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Facing public backlash over its announced schedule for passenger rail service, Sonoma Marin Area Rail Transit scrambled to release a revised version Tuesday — one that officials say shortens wait times during peak commute hours, though gaps of an hour or more still exist during some of those periods.

The updated schedule — released less than a week after SMART unveiled the earlier version — still includes 34 trips on weekdays, with the same number of trains. It shortened some 90-minute waits to hourlong gaps and retained 30-minute intervals across most of the peak hours of operation.

The additional arrival and departure times are geared to appeal to more commuters, planned to be the rail line’s key group of users. The new timetable, for example, includes a new 7:30 a.m. southbound departure from downtown Santa Rosa and a new 5:29 p.m. departure northbound from San Rafael.

The adjusted timetable resulted from work over the weekend by SMART officials and representatives of regional transportation agencies following a deluge of complaints since last week on the rail agency’s social media sites. Debora Fudge, SMART’s board chairwoman and the mayor of Windsor, said it became clear that what the rail agency put out originally was not going to work.

“Within six days we’ve changed it (the schedule) and I’m getting a lot of thumbs up from people who want to travel to Larkspur and San Rafael, and the other way,” Fudge said of the newly revised schedule.

It also includes an earlier start time for the first southbound train, which is now scheduled to depart the north Santa Rosa station at Airport Boulevard at 4:19 a.m., 30 minutes earlier than previously announced.

SMART is planning to launch passenger service by next month — a timeline officials said included operating trains on the schedule for two weeks. The revised timetable released Tuesday does not alter the start date plans, according to Fudge.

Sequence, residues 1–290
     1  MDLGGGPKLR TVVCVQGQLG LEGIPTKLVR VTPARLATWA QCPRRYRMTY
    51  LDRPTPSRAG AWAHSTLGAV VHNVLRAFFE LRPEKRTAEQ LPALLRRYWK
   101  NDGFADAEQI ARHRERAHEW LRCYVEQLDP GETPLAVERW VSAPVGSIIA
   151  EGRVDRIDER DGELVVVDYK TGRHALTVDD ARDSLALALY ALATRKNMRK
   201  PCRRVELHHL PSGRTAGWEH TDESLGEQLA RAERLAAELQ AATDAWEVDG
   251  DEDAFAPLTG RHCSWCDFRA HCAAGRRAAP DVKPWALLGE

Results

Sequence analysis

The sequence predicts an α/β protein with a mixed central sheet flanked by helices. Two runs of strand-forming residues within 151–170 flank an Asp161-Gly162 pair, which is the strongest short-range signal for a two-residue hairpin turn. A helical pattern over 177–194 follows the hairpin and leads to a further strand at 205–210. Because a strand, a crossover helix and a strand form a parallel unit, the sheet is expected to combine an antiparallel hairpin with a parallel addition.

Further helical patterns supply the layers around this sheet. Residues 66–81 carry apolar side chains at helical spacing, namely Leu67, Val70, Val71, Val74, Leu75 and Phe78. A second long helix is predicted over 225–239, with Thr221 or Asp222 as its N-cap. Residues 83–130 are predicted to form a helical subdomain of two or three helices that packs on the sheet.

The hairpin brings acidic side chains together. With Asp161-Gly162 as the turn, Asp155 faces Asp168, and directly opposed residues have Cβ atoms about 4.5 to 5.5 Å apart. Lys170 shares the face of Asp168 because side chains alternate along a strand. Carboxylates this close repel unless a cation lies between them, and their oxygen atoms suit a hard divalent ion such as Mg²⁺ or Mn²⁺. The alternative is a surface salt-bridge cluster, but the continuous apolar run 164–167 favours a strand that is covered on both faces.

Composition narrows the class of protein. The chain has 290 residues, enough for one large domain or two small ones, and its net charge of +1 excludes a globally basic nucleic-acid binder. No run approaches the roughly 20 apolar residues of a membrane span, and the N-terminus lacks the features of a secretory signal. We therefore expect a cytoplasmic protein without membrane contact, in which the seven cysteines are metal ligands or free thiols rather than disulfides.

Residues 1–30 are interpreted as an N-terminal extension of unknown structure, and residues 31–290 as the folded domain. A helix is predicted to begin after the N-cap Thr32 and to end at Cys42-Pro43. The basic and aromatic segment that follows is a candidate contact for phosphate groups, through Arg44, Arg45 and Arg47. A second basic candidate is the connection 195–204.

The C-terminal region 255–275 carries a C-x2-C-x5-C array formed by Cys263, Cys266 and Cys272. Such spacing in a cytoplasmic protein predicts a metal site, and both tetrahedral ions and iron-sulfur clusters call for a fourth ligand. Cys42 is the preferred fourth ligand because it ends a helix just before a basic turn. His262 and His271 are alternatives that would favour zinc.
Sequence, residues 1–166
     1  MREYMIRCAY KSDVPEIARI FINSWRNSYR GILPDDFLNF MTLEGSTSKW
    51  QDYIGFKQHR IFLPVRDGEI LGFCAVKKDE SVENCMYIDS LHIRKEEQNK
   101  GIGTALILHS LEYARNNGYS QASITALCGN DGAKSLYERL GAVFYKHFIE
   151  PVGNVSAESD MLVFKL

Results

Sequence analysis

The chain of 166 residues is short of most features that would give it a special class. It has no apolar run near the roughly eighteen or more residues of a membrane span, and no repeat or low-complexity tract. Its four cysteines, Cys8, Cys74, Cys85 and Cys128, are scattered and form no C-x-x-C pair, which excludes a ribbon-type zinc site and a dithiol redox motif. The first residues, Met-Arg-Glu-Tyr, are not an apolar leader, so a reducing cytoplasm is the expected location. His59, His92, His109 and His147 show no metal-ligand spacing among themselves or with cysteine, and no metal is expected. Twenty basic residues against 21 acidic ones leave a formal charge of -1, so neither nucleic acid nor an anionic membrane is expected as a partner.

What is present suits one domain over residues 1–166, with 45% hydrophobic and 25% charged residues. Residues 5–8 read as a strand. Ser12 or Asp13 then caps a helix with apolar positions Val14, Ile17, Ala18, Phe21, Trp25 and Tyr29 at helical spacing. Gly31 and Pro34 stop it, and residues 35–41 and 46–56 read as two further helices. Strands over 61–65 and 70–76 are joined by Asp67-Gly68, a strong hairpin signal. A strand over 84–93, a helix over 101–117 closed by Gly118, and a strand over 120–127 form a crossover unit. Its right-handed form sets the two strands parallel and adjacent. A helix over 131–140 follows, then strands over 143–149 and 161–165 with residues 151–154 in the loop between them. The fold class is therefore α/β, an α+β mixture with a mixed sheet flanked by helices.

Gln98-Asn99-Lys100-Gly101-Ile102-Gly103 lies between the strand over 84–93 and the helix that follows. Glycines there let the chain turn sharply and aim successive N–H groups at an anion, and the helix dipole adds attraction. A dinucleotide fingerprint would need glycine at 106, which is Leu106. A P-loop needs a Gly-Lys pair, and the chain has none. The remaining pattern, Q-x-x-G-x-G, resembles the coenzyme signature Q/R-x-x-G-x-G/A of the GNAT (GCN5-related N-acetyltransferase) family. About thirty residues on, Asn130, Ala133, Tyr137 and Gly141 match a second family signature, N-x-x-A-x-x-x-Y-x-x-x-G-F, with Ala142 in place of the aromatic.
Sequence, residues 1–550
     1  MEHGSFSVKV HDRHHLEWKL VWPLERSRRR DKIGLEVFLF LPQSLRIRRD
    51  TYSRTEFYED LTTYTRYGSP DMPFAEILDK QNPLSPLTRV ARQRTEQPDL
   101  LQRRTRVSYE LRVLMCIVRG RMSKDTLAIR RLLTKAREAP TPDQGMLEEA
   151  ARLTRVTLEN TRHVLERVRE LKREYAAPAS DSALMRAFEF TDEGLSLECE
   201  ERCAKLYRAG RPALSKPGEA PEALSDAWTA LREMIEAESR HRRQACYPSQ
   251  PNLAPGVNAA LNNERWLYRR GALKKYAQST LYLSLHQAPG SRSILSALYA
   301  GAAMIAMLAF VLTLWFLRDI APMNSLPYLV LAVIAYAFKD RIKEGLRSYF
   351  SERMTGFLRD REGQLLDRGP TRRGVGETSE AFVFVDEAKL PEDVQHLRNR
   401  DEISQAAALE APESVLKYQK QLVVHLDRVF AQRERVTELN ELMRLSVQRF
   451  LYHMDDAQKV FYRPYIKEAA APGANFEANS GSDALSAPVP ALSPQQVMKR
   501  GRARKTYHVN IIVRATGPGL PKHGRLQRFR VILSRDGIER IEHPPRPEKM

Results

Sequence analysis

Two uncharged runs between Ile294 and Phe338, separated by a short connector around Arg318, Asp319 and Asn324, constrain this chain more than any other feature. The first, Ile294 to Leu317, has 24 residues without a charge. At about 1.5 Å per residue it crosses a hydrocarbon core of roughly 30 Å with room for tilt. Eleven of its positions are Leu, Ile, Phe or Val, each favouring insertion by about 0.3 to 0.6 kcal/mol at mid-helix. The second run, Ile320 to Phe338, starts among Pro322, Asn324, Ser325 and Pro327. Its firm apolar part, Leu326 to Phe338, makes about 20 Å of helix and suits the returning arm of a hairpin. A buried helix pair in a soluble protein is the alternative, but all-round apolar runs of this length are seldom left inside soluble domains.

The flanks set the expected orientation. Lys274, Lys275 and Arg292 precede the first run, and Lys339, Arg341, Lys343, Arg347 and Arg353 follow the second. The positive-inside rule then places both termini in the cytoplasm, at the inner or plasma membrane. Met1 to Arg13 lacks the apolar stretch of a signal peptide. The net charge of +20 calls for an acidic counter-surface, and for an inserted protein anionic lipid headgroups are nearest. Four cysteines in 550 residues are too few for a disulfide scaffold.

Will Mast, a Petaluma environmental engineer who commutes to Novato, said Tuesday he is pleased with the changes. Mast’s discontent with the earlier version was highlighted Sunday in a Press Democrat story.

“I feel that the updated schedule greatly increases the likelihood of ridership for me and my co-workers,” said Mast, whose Novato office is across the street from the San Marin station. “While SMART can’t hope to please everyone, this update has a much better shot at pleasing a far greater number and improving the odds of reasonable starting ridership.”

John Oblad, a software engineer for Autodesk who commutes from Santa Rosa to San Rafael, also praised the update, saying the addition of a 7:30 a.m. departure from downtown Santa Rosa and a 5:35 p.m. departure from San Rafael better suits his schedule.

But Oblad voiced a new concern that if he misses the 5:35 p.m. train, he will be stuck in San Rafael until he can catch the next northbound train, at 7:05 p.m.

“I hope there will be room,” he said.

That particular 90-minute gap is one of several that still exist during peak commute hours on the revised timetable. Some have been reduced to 60-minute windows, which did not exist in the previous schedule. Most trains will operate on a 30-minute interval during peak commute periods.

Under the new schedule, for example, there will now be trains arriving in San Rafael at 7:26 a.m., 8:26 a.m. and 8:56 a.m.

The previous version had trains arriving at that station at only 7:26 a.m. and 8:56 a.m.

Farhad Mansourian, SMART’s general manager, has not responded to requests for comment on the schedule since last week. A spokeswoman Tuesday said Mansourian was out of town.

Mansourian apparently did not brief SMART’s board prior to unveiling the train schedule at the directors’ meeting last week in Petaluma. After that meeting, the rail agency was engulfed by a wave of criticism over its final timetable, which, along with fares, will determine for many whether they use the trains.